Last week the Court of Appeal decided that the ‘life’ sentences of two murderers really will mean ‘life’ in prison, exceptional circumstances aside. The Secretary of State for Justice, Christopher Grayling, said:
‘Our courts should be able to send the most brutal murderers to jail for the rest of their lives. I think people in Britain will be glad that our courts have disagreed with the European Court of Human Rights...’
This glosses over the complexity of the issue. What is the reality?
Most ‘lifers’ do not spend the rest of their lives in jail. The trial judge sets a minimum term: maybe ten years for a one-off crime committed in a moment of madness or when drunk, 15 for a more calculated murder, 20 or 25 for sadistic murder. It all depends on the seriousness of the crime.
Once this minimum ‘tariff’ has been served the prisoner is eligible for release on licence. The only issue is whether release would be safe. This is decided by the Parole Board on evidence that is as objective as possible. While there are no guarantees when predicting the future, ‘lifers’ released on licence are closely supervised and subject to restrictive conditions – eg, banning alcohol or contact with victims’ families. A breach of licence or threatening behaviour leads to recall to prison. No court hearing, no appeal, just straight back to jail until the next parole hearing.
So, although some lifers are returned to prison, few commit further offences, let alone kill again. Those who stay out are never at complete liberty. They remain on licence, subject to recall. ‘Life’ is a life sentence; it’s just not necessarily all spent in prison.
Some lifers are never judged to be safe. Few lifers re-offend because the Parole Board is extremely risk-averse. Murderers who remain dangerous remain in jail for the rest of their lives. The UK and European courts have never said otherwise.
So what is the argument about? The worst murderers of all – Ian McLoughlin, for example, who was at the centre of last week’s Court of Appeal case – are given ‘whole life’ tariffs. This means that they will never be released, however safe it may be, except on compassionate grounds if they are thought to be dying (as in Ronnie Biggs’ case).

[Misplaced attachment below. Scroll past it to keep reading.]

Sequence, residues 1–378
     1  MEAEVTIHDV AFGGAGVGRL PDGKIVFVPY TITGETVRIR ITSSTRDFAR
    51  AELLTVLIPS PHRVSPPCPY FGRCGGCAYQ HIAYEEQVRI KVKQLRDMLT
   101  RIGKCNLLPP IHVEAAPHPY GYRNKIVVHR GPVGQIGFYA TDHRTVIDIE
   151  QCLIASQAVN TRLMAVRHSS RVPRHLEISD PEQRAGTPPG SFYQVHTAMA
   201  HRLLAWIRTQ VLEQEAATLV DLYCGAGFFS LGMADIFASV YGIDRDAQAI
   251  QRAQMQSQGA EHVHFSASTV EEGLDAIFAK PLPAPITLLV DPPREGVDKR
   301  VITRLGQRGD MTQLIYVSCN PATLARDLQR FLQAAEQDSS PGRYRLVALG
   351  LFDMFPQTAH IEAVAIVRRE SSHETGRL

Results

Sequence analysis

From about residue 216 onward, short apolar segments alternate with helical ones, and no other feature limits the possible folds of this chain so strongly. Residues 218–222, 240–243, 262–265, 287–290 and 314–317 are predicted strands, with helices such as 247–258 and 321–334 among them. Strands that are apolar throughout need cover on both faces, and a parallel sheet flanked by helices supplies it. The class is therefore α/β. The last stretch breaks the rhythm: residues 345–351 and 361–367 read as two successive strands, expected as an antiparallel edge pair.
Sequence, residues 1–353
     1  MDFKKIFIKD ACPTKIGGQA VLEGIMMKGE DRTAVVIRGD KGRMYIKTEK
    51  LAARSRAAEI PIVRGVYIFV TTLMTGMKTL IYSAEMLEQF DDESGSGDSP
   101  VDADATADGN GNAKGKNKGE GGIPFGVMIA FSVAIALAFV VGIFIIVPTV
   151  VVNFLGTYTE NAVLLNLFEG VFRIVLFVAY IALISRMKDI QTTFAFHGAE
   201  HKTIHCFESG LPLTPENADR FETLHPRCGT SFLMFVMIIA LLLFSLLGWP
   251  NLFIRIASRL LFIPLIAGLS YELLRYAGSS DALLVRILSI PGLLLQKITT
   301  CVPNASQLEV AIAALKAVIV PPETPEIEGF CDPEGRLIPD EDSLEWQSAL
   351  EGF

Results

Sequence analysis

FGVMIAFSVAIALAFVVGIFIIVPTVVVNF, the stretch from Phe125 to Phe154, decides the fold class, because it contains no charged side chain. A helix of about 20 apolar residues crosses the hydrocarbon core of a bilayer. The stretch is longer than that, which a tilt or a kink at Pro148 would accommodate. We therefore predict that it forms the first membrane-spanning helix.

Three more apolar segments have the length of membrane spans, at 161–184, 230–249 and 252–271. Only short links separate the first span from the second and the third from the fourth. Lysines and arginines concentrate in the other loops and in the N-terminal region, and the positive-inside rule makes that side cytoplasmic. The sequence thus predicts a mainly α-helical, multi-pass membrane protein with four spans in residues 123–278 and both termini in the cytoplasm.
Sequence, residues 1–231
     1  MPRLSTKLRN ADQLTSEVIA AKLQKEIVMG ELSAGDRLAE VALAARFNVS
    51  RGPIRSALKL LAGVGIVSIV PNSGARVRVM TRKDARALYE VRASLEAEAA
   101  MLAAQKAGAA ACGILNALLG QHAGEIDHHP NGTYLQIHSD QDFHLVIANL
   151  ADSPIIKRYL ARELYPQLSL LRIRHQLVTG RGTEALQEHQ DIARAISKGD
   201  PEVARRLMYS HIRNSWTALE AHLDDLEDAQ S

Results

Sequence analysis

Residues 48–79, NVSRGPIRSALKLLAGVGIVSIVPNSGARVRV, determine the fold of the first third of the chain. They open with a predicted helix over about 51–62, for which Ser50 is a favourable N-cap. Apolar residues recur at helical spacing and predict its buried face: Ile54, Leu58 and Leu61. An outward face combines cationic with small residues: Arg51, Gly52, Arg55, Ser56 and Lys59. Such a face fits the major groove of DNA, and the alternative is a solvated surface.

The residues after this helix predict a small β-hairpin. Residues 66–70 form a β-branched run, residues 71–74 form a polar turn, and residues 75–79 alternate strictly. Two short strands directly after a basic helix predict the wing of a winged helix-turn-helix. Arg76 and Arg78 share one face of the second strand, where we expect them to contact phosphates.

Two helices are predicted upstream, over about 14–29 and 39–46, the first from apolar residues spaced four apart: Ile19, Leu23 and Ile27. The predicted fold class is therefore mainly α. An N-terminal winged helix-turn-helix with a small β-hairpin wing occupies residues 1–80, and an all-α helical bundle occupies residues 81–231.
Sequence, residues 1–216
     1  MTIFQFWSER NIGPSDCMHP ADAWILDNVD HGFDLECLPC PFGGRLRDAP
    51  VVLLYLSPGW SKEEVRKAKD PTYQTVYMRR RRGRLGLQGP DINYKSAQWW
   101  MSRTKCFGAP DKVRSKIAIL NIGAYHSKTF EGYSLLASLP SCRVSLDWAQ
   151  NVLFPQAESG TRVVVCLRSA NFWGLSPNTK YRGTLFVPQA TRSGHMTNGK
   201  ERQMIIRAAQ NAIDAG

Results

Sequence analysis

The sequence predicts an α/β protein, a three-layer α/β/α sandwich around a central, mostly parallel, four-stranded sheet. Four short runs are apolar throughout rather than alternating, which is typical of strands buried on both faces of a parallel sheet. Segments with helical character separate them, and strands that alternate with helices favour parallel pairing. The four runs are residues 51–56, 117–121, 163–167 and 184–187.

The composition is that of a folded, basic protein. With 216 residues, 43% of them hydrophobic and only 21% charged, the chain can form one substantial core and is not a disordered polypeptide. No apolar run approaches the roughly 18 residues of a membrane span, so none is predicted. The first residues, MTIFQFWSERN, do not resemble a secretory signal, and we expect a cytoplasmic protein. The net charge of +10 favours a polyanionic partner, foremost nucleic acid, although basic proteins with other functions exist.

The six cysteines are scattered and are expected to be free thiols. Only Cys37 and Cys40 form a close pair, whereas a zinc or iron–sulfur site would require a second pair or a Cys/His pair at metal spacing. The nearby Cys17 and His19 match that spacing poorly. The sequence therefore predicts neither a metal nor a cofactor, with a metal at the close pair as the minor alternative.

Last year the European Court of Human Rights ruled that ‘whole life’ sentences contravene the prohibition on inhuman and degrading treatment. However, the Court of Appeal decided that the European Court gave insufficient weight to release on compassionate grounds, suggesting that the requirement that the prisoner be thought to be literally dying need not be adhered to. This got the government out of a hole. It keeps 'whole life' sentences in 99% of circumstances without defying the European Court ruling.
But the argument about ‘human rights’ is a distraction. First, McLoughlin – and people like him – will struggle to convince the Parole Board that they are safe. People like him (he murdered while on day-release from a murder sentence) are so self-evidently dangerous that most will stay in prison for all or almost all of their life whether or not they have a ‘whole life’ tariff. The rights and wrongs of day-release are another issue, but remain unaffected by the Court of Appeal ruling.
Secondly, occasionally even the worst murderers reform. What kind of society offers no hope and forgiveness, after an appropriately severe punishment, to people who have genuinely changed? What kind of signal does that send to our children? What kind of justice is as vindictive and brutal as the people we condemn? This is less a matter of human rights than a matter of simple humanity.
Professor Andrew Sanders, Professor of Criminal Law and Criminology (formerly a member of the Parole Board and of the Parole Commission for Northern Ireland), Head of School, Birmingham Law School